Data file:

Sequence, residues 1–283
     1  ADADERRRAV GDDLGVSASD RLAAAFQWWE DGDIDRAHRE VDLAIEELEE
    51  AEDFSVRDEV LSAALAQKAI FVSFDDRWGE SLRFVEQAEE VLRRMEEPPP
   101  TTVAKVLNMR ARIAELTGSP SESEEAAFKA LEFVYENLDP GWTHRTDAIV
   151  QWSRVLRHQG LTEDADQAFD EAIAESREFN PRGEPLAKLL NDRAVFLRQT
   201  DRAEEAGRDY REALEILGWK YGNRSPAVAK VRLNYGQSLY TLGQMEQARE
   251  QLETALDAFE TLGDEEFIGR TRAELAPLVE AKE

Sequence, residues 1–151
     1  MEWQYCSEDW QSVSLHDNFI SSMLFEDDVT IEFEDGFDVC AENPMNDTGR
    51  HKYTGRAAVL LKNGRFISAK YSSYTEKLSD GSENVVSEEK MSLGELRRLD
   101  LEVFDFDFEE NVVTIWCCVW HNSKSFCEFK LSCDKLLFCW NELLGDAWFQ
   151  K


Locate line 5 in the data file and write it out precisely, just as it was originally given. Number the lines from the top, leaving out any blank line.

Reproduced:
   151  QWSRVLRHQG LTEDADQAFD EAIAESREFN PRGEPLAKLL NDRAVFLRQT